I recently came across an interesting programming challenge, which I can summarise here.
Develop a first-in/first-out (FIFO) queue in a programming language of your choice. The following constraints apply:
- You must use a linked-list, and can’t use arrays, hashes or other sophisticated enumerations;
- The queue must be able to accept and store arbitrary objects;
- If the queue is empty, popping should raise an exception
- Each method/function can only be one line long (and using multi-statement separators such as ‘;’ is cheating);
- Each line can be at most 80 characters long;
- You can’t use an external or additional libraries – core language features only.
The queue should implement the following public interface:
size()–> returns an integer representing the number of elements in the queue
push(object o)–> pushes an arbitrary object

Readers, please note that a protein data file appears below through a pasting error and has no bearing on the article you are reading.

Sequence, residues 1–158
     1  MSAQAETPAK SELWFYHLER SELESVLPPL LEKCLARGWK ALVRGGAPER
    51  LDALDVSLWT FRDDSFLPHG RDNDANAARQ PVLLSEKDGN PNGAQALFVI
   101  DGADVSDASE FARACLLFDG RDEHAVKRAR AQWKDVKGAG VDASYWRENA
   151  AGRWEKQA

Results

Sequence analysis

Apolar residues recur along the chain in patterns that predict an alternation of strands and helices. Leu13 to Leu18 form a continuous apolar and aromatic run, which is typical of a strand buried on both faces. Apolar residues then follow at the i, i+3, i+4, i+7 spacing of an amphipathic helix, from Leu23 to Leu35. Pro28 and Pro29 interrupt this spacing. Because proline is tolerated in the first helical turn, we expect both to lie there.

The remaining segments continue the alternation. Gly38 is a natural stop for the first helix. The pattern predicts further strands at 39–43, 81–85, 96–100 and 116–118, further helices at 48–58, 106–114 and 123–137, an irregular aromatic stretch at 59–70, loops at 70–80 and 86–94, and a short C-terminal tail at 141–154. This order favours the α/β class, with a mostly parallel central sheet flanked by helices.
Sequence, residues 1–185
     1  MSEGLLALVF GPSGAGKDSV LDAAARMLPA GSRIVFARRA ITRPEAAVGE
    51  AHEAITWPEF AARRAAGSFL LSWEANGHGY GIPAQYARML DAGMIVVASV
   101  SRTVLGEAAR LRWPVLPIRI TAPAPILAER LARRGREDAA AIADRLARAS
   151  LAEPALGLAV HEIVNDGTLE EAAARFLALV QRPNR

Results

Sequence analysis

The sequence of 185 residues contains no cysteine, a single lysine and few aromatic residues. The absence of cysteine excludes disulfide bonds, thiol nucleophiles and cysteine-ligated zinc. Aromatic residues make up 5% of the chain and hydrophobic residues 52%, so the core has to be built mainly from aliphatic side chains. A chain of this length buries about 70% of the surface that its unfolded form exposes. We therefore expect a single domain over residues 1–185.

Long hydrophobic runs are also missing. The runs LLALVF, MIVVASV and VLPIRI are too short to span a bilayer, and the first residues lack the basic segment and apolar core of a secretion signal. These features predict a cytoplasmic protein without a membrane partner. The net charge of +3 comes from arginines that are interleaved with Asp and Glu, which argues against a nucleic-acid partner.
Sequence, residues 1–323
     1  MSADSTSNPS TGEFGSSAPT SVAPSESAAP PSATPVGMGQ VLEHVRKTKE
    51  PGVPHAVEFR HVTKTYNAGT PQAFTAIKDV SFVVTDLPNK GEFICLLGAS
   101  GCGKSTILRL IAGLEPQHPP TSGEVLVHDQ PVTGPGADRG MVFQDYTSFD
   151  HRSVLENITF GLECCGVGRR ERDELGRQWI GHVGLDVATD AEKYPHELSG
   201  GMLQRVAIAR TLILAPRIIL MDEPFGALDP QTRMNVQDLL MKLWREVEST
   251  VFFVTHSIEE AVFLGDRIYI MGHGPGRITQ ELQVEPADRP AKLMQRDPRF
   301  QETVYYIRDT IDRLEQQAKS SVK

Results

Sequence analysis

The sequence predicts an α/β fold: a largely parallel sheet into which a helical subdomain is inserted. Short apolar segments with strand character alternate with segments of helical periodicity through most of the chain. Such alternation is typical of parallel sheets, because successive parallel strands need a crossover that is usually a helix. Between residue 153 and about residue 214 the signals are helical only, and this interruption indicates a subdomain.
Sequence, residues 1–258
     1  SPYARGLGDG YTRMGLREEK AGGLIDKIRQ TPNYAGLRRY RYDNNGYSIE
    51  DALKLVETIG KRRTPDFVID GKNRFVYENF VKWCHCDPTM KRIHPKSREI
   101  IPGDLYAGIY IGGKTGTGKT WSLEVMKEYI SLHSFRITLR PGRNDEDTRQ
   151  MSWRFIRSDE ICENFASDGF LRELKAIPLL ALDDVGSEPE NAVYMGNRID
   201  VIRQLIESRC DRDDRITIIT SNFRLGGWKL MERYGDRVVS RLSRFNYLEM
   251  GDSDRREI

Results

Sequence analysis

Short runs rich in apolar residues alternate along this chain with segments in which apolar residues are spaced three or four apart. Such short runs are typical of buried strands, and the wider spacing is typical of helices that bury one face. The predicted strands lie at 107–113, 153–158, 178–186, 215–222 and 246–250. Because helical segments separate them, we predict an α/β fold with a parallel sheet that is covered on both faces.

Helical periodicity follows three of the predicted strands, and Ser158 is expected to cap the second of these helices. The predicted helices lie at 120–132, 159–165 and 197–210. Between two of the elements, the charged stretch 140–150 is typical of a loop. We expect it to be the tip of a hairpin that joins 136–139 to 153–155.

oonto the end of the queue
pop()–> returns the next object from the head of the queue; raises an exception if there are no objects on the queue
While implementing a FIFO queue as a linked list is a fairly typical first year CS undergraduate problem, the additional constraints, in particular #4, make it much more interesting.
I chose to implement the solution in Ruby. Here’s the test spec for the solution:
As an added challenge, although it’s almost dictated by the problem statement, I tried to minimise (or indeed, ideally, eliminate) the use of ‘if’ statements.
Check-out my solution by clicking through.